suggests that humans generated and became their own primary
selective pressures, through diverse forms of arms races within
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TABLE 1 | Phenotypes and abilities postulated to be selected for, in six different arenas of human social selection and evolution.
Arms races within
Partner choice Mate choice Caregiver-offspring
Cultural traits –
social learning
Arms races among
Joint attention;
Theory of mind;
Manipulation of status;
Social creativity;
Persuasion; Coercion
Loyalty; Honesty;
Reputation; Social
status; Sustained
reciprocity; Fine social
discrimination abilities
Fine discrimination of
cognitive, emotional,
physical traits and
abilities; Ability to
navigate psyche and
behavior of mate
Enhanced physical,
reproductive and
survival abilities
Infant, child eye
contact, smiling,
laughing, early
language development,
secure attachment;
Social development,
maturation in
childhood, adolescence
Fine discrimination of
offspring traits
sophistication and
efficiency of social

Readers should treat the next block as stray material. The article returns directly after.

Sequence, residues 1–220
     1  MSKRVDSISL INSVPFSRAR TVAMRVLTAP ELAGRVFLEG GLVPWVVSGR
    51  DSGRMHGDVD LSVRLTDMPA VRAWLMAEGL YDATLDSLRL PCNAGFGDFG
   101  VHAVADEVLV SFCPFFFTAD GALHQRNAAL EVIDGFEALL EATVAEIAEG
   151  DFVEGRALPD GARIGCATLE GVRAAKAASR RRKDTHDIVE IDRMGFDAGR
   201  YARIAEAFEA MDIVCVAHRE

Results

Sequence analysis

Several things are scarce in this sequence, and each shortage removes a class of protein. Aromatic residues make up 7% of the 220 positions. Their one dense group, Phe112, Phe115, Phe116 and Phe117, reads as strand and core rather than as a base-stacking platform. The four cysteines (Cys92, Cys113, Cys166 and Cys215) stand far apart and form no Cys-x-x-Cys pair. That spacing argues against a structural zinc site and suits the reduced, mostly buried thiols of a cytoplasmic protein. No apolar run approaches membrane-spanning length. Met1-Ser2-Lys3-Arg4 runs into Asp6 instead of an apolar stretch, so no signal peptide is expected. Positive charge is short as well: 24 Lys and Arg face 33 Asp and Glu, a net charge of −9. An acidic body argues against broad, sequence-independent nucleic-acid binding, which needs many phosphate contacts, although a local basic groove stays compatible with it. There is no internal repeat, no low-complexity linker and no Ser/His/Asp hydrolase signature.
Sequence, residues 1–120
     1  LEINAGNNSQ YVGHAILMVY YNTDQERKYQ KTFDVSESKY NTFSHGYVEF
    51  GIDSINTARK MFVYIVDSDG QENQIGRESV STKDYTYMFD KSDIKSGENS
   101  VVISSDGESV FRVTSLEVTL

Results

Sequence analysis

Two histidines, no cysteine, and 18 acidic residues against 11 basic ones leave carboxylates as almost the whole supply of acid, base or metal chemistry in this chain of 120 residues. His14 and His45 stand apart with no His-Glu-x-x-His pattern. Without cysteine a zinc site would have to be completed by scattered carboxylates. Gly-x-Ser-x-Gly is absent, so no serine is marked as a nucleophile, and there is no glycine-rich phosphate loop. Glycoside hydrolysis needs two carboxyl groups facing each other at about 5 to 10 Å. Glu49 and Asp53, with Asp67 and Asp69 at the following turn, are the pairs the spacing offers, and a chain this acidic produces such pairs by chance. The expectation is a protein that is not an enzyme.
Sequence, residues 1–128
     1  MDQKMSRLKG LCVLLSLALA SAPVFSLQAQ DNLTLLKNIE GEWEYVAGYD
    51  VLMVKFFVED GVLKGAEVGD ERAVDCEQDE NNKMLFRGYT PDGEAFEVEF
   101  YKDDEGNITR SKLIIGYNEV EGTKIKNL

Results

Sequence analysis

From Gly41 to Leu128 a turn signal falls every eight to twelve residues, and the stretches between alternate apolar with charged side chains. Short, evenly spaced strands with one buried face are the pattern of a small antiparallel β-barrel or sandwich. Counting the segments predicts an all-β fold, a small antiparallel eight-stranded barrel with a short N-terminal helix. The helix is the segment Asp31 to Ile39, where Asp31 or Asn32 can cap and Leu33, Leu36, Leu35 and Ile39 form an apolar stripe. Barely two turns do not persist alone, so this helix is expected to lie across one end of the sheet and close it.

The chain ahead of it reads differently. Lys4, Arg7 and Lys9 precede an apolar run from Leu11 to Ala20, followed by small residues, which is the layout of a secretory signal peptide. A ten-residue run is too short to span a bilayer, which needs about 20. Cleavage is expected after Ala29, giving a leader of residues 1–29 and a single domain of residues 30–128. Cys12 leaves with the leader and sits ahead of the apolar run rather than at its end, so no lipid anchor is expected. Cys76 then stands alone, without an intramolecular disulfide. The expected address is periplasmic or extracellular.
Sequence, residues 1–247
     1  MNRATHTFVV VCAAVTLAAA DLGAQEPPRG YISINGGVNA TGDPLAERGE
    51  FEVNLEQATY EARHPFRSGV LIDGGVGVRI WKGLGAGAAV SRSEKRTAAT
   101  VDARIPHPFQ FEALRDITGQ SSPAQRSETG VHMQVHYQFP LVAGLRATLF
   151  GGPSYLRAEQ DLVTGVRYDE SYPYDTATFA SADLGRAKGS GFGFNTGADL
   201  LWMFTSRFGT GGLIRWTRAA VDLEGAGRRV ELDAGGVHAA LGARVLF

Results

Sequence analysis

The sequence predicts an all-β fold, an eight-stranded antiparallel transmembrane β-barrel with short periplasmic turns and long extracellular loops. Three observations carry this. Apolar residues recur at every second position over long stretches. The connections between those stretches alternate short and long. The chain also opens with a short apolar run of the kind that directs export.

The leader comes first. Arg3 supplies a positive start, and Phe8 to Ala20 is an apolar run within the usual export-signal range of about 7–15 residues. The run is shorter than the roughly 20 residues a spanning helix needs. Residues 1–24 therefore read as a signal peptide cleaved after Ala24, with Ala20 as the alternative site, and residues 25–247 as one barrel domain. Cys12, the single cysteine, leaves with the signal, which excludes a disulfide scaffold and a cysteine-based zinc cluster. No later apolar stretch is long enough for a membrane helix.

learning about cultural
norms, including
aspects of language,
religion, customs, arts,
rules and laws,
institutions, technology,
and resource
acquisition methods
Parochial altruism;
Ingroup morality;
Heroism; Xenophobia;
Complex within-group
Dehumanization of
other groups
FIGURE 1 | The six arenas (five within groups, one between groups), of human runaway social selection. See Table 1 for further details on the specific phenotypes
selected for in each arena.
and between groups, and through choice-trait coevolutionary-
dynamic interactions involving allies, mates, and offspring with
caregivers. By the hypotheses presented here, each of these arenas
of social selection drove the evolution of different, interacting
dimensions of human sociality and culture, that merged to
create the humans inhabiting our world today (Figure 1). This
hypothesis is by no means incompatible with those based on
other selective pressures postulated to be important in human
evolution, such as alloparental care (Hrdy, 2009;van Schaik and
Burkart, 2010) and self-domestication (Wrangham, 2019), but it
stresses the importance of runaway social selection as a potential
key factor in how and why modern humans evolved.
Tracing the selective history of humans relies on one part
evolutionary logic, one part ecology, one part psychology and
neuroscience, one part anthropology, and all parts grounded
in phylogeny and evidence from archeological remains. An
enduring part of the puzzle, the initial divergence of the
eventual Homo and Pan lineages, is addressed here with the
hypothesis that the divergent evolution of hominins was “kick-
started,” in an ape with a small (i.e., 400 cc) brain living at
relatively low densities, by ecological conditions that favored
increased fluidity, connectivity, tolerance, and especially local